LONG BEACH - A divided Long Beach City Council decided Tuesday to spend up to $500,000 to potentially save millions.
The operational savings, as much as $28.8 million annually, were suggested earlier this year in an efficiency study conducted by Cincinnati-based Management Partners.
Most of the report's reforms were tied to changing overtime compensation, lowering specialized premium skill pay and scaling back educational incentives. It also examined outsourcing certain municipal services.
To help implement the changes, council members voted 5-4 to contract with Management Partners for $500,000, if needed, with an option to renew for an additional year.
Some on the council objected to the amount because it exceeded the $200,000 in oil surplus funds previously authorized for the work in September. The additional $300,000 would come from self-supporting enterprise funds such as refuse and fleet services, which would be included in the consultant's work, according to officials.
"I find it somewhat ironic we are sitting here talking about efficiencies ... when we budgeted $200,000 to (implement reforms), and we're exceeding that," said Councilman Steven Neal.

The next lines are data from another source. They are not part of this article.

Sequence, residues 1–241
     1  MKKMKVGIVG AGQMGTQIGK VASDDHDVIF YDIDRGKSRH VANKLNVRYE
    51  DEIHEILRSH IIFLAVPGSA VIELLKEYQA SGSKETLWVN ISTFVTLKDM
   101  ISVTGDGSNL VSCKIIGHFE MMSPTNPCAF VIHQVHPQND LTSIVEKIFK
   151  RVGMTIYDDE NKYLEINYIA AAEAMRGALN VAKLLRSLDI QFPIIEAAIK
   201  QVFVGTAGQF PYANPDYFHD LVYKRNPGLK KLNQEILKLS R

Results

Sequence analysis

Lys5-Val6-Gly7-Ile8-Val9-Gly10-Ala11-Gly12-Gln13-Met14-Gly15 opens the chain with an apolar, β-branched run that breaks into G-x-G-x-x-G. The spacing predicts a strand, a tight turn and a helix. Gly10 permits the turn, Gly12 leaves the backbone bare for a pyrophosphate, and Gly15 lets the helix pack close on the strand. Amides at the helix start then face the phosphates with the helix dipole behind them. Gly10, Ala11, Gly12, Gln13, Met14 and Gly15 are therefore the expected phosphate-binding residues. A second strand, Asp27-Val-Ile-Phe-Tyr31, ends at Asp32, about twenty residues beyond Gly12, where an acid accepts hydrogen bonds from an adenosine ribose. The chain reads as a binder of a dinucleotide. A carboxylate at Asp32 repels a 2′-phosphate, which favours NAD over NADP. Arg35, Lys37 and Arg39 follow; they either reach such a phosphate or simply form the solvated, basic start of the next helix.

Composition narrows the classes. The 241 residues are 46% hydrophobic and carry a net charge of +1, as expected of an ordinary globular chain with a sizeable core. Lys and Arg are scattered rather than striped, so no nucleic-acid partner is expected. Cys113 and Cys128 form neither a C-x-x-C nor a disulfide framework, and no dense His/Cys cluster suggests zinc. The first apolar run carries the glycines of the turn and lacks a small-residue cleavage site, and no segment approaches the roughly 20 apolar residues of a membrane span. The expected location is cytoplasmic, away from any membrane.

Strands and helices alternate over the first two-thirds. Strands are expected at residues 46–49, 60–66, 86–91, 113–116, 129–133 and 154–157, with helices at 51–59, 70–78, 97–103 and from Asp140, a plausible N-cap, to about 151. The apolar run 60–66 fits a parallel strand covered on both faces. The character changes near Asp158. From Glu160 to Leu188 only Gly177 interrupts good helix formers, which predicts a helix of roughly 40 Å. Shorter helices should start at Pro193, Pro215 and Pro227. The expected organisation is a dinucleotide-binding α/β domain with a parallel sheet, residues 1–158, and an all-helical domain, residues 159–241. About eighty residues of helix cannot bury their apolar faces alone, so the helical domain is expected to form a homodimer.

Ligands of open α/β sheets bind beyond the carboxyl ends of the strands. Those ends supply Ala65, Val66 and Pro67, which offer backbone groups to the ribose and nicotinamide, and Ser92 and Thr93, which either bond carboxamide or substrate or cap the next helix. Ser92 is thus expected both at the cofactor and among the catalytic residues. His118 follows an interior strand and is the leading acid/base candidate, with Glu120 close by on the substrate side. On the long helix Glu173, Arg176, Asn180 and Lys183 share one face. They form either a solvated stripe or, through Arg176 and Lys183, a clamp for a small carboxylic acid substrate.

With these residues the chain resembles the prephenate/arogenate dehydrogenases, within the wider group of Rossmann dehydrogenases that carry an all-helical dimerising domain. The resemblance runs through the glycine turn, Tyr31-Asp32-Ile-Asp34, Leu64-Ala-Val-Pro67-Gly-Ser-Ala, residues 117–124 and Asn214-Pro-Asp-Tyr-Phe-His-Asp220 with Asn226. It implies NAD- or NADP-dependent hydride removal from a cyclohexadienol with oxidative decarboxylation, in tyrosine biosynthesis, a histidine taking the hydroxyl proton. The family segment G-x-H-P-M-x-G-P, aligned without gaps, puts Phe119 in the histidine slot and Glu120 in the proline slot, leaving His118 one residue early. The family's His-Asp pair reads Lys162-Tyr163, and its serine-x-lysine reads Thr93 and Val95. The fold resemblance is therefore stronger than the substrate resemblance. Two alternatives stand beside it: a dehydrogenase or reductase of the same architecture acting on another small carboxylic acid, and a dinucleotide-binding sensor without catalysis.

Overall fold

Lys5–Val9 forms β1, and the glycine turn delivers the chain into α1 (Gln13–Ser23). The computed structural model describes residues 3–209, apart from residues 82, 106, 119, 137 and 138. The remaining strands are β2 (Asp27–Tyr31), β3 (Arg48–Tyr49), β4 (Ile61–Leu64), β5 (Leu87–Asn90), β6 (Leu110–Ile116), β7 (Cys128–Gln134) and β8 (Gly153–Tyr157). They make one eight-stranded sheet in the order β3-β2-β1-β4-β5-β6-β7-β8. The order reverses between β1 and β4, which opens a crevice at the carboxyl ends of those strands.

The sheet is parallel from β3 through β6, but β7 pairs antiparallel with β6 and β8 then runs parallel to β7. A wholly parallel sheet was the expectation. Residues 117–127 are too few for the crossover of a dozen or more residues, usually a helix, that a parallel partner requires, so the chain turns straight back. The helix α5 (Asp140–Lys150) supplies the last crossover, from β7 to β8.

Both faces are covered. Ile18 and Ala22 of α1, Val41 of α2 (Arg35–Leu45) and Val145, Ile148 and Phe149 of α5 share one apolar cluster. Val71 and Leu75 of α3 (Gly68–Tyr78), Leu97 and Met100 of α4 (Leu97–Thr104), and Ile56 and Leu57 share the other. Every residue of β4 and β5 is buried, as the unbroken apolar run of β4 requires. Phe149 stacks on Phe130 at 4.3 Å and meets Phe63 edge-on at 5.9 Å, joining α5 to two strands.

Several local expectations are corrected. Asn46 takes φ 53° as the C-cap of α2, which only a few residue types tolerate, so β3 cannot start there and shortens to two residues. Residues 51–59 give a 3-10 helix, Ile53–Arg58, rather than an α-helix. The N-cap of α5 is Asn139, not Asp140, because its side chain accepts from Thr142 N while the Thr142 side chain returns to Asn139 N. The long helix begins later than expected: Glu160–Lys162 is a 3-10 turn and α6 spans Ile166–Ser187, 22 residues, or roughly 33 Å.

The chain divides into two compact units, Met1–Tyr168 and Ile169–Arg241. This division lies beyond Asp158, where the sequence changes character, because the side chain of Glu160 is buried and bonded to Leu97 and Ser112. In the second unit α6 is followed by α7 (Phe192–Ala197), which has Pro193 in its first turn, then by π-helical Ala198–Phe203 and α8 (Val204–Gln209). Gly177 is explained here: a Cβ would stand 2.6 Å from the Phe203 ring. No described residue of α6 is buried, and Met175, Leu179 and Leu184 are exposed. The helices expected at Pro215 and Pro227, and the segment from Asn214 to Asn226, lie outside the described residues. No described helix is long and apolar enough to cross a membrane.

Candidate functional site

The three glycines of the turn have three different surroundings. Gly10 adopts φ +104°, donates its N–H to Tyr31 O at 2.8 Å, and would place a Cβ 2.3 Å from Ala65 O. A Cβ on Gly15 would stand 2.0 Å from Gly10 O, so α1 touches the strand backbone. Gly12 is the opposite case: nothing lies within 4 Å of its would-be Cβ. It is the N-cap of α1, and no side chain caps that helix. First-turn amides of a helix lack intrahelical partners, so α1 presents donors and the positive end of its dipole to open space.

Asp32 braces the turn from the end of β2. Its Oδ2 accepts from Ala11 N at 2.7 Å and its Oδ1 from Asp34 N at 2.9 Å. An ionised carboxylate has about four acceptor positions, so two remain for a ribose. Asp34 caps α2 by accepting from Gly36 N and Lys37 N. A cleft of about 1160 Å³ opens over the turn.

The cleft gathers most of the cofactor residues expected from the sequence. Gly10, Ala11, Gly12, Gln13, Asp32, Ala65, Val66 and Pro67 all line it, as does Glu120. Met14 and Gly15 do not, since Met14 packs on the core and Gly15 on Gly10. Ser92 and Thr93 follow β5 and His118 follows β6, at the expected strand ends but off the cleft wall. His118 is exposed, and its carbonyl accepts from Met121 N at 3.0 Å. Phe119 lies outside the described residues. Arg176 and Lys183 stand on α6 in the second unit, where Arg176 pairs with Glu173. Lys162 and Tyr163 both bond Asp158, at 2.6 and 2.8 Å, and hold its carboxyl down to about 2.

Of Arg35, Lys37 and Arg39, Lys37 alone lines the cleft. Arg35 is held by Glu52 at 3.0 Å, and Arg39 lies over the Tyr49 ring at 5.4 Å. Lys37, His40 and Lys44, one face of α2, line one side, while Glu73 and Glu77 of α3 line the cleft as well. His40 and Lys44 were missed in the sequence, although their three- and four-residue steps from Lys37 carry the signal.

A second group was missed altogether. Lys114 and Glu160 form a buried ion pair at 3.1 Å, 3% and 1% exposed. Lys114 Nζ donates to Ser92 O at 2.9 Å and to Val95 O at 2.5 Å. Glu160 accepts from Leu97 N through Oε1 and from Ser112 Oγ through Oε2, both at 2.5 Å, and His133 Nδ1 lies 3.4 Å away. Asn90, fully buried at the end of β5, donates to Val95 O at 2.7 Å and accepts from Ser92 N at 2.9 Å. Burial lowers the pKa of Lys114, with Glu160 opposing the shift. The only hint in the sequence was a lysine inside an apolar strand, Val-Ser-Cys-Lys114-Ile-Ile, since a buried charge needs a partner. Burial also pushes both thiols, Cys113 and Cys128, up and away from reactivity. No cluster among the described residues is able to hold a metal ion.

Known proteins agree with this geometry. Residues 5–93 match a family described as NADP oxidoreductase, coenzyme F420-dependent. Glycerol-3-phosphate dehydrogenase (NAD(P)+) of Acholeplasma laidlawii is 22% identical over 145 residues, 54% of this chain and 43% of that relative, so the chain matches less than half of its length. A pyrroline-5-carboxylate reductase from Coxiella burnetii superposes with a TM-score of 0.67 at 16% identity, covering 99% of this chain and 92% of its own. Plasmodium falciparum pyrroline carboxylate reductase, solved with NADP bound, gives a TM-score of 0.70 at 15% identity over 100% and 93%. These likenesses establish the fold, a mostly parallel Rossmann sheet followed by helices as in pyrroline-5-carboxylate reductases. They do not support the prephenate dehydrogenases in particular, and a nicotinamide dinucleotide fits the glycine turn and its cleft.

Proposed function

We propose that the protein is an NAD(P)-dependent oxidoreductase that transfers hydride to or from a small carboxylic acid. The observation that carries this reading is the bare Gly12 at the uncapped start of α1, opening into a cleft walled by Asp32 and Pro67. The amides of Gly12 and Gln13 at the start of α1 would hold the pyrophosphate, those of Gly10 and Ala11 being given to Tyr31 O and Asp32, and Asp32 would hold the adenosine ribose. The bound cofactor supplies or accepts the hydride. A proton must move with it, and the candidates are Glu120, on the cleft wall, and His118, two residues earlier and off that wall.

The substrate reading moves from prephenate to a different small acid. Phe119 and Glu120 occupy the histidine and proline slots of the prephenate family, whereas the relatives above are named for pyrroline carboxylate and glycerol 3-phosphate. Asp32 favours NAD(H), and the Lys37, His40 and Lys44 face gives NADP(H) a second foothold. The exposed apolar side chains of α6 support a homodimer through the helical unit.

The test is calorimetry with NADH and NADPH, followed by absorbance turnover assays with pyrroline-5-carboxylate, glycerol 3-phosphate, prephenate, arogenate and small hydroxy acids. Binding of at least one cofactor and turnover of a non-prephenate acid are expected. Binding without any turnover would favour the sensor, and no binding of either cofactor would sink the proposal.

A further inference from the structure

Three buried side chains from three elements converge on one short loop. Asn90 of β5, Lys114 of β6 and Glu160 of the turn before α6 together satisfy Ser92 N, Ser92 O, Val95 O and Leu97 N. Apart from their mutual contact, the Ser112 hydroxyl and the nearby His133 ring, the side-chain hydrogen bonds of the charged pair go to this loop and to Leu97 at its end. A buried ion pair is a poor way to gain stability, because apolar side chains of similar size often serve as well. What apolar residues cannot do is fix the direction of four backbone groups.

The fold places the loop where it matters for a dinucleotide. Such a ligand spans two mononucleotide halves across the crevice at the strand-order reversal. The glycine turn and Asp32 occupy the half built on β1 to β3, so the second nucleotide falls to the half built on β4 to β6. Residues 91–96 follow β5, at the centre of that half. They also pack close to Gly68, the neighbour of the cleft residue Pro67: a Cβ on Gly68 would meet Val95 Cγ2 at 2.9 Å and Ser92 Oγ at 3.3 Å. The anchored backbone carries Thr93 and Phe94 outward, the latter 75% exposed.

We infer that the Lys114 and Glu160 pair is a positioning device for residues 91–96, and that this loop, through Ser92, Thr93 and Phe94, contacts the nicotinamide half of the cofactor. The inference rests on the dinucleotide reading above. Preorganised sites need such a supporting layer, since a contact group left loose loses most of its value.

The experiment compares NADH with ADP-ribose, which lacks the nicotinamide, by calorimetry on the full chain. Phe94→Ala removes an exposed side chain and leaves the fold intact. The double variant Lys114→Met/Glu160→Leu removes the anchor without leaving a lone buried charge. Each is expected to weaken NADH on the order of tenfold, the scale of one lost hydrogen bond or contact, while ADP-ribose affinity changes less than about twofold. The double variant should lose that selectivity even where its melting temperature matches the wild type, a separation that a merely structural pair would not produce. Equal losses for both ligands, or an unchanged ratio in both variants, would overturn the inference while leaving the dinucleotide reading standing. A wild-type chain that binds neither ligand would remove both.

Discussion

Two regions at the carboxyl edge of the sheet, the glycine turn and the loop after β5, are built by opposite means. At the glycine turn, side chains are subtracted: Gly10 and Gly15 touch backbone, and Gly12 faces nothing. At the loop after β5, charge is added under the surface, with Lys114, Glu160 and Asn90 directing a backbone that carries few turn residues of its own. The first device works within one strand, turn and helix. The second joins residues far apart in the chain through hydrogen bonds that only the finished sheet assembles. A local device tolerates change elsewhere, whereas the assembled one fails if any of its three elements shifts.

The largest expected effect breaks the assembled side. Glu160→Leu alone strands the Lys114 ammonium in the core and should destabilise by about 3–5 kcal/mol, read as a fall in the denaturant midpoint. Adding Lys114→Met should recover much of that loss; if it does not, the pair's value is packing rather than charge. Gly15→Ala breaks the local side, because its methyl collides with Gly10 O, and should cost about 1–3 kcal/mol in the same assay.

Others were eager to approve the request by City Manager Pat West for the consultant work in the hope of gaining millions.
"That sounds like a heck of an investment to me," Councilman Gary DeLong said.
The move to institute the recommendations of Management Partners come as Long Beach continues to look for pension givebacks from its largest employee group, the about 3,600-member International Association of Machinists and Aerospace Workers. The city's police and fire unions have already agreed to pension reforms.
The IAM rejected a city proposal in August that would have increased employee retirement contributions and given reduced benefits to new workers to save $3.9 million in the general fund and $12.2 million in total in the fiscal year that began Oct. 1.
IAM negotiators responded last month with a counteroffer that assented to the changes, but requested that no more employees be laid off this year.
Councilman Al Austin called spending as much as $500,000 "ill-advised" considering many of the pay issues must be resolved through collective bargaining for the IAM.
The union's current contract expires on Sept. 30 next year.
An IAM official said last week that the union was committed to a solution that "fits both the city and our members," but rejected outsourcing services.
A substitute motion by Councilwoman Gerrie Schispke that sought to receive and file the proposal pending more details on potential savings failed.
Councilman Patrick O'Donnell, Schipske, Austin and Neal voted no.